Computer owners can tap into Tesla's theories
Bulletin board helps students
Computer owners interested in getting the lowdown on high-voltage pioneer Nikola Tesla and his engineering theories now can log onto the Theoretical Electromagnetic Studies and Learning Association's (TESLA) Bulletin Board Service.
Tesla, who died in 1943, was the electrical engineer who invented alternating current. In 1899, he spent eight months in Colorado Springs experimenting with man-made lightning bolts and the use of the earth to conduct electricity.
The city of Leadville, The Leadville Coalition and Colorado Mountain College donated funds to purchase the hardware. The college — which is using the bulletin board to help students learn telecommunication skills — is providing the phone lines, say systems co-operator Toby Grotz.
In addition to offering such standard services as message exchanges, sports and health information and software downloading, the TESLA board provides a forum for the exchange of information regarding Tesla's research into high voltage and the wireless transmission of electrical power.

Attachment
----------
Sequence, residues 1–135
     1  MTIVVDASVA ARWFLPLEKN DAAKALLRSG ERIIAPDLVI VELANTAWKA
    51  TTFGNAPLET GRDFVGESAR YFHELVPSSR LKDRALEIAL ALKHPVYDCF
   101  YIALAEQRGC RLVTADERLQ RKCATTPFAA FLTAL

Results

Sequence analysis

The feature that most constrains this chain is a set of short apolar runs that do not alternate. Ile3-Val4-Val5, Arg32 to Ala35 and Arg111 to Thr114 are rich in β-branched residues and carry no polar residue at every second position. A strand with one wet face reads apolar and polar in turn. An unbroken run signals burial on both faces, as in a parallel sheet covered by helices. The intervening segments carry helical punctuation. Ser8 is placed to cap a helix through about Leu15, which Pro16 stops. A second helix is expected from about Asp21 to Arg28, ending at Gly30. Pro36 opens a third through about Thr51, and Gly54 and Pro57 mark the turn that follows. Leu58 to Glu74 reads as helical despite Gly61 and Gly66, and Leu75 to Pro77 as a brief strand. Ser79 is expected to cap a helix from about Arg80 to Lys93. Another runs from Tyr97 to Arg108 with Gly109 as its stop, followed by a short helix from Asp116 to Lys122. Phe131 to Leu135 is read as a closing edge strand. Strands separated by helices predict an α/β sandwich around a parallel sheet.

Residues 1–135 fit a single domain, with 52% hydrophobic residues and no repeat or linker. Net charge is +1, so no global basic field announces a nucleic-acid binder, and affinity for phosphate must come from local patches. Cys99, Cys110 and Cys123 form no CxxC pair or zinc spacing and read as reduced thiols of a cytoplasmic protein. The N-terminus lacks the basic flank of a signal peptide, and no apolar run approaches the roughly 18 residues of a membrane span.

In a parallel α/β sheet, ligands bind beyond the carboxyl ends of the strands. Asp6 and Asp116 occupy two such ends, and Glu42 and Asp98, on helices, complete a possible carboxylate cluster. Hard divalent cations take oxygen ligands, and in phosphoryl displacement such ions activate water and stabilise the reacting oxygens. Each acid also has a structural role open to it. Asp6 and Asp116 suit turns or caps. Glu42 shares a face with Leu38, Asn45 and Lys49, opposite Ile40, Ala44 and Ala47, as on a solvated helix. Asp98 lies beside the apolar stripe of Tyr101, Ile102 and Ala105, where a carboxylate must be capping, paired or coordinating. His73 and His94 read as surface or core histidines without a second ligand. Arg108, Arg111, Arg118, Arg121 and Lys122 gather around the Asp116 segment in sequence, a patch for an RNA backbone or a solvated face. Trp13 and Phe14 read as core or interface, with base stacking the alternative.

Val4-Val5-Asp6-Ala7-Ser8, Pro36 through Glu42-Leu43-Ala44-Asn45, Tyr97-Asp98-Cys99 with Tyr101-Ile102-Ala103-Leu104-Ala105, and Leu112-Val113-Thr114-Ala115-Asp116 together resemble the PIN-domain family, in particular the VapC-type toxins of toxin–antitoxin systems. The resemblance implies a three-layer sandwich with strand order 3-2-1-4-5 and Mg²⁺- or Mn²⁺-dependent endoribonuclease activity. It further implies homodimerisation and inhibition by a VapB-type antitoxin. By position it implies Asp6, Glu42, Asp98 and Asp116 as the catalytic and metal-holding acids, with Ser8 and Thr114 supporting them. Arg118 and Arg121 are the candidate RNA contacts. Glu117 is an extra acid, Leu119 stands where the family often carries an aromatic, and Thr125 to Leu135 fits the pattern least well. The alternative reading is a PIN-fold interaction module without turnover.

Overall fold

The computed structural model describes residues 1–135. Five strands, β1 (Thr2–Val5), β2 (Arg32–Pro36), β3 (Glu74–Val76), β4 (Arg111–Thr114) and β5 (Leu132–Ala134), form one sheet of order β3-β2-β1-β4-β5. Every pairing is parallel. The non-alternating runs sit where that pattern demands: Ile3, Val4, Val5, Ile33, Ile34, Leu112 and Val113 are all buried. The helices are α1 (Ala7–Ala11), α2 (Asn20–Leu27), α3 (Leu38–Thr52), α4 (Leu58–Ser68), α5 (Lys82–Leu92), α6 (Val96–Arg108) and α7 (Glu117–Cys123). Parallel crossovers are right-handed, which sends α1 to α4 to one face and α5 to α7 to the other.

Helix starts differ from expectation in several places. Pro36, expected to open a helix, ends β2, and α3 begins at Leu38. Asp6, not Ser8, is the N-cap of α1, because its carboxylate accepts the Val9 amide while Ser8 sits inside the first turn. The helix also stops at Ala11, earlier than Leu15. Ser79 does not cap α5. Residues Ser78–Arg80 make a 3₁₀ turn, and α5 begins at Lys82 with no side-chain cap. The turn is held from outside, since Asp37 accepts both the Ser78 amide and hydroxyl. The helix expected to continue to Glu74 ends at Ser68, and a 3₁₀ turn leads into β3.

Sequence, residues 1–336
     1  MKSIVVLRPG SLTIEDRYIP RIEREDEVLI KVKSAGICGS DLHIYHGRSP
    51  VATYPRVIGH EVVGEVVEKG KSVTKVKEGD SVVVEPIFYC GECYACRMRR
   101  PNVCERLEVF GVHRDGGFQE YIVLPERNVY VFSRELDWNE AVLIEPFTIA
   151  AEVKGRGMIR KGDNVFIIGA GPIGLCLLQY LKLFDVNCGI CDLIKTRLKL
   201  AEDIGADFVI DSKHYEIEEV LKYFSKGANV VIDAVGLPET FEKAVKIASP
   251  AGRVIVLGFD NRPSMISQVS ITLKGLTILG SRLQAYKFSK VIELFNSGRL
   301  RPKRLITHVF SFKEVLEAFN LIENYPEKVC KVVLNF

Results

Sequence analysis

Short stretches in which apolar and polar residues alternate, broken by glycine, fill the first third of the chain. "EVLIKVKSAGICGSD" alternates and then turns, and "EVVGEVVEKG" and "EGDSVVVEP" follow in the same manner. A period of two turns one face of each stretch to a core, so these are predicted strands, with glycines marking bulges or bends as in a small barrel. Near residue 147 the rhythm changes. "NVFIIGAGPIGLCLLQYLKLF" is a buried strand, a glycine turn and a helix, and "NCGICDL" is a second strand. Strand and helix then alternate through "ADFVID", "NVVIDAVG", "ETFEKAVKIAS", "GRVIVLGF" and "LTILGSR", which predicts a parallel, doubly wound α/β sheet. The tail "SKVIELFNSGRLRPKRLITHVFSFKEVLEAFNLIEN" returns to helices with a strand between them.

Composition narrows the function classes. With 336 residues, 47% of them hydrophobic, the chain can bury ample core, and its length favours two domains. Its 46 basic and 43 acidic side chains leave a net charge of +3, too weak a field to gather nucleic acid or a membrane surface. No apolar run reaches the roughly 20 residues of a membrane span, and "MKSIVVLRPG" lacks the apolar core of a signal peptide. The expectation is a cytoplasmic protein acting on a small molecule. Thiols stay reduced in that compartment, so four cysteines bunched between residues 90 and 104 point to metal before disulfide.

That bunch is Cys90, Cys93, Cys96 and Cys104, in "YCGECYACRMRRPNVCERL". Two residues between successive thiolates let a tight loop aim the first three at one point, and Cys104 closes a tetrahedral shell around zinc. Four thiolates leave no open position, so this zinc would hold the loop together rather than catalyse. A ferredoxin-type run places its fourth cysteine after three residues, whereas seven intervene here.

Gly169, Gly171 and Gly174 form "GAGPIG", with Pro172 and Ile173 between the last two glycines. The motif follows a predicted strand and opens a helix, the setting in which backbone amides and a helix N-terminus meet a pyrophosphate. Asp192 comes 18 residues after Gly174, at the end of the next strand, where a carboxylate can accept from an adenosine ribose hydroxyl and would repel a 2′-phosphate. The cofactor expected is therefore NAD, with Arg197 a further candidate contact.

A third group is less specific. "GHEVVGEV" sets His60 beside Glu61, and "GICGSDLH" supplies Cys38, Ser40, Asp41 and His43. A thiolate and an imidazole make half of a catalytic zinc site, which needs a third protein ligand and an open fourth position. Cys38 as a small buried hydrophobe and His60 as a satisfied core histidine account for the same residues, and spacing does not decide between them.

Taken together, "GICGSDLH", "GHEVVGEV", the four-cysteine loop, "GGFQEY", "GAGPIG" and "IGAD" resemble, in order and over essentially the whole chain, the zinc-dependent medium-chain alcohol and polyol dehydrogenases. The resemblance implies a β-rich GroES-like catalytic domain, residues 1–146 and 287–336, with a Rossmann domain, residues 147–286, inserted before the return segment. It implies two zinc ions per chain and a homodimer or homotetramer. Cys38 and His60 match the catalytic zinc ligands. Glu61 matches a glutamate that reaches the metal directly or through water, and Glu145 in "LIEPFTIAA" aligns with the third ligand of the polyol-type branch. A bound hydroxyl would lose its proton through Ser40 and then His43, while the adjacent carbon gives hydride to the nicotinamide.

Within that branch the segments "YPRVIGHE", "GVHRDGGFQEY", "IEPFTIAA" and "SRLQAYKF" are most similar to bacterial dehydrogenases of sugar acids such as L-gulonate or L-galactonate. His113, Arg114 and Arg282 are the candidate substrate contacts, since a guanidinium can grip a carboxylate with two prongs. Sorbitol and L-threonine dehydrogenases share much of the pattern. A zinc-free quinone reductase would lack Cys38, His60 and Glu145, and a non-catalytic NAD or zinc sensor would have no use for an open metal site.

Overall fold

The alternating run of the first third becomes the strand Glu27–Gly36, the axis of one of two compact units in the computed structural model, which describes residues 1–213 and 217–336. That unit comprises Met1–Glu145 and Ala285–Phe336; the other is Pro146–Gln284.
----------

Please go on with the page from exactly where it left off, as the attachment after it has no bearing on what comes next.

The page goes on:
Board participants are a mix of people, “from the backyard inventor to scientist types and formal engineers,” Grotz says.
Grotz hopes to expand the bulletin board to include a computer-aided design (CAD) section that will allow users to review interactive software that simulates Tesla coils and other devices.
To log onto the TESLA bulletin board, call 486-2775 with a 300, 1200 or 2400-baud modem. The system operates with 8 data bits, 1 stop bit and no parity.
For more information, call 486-0133.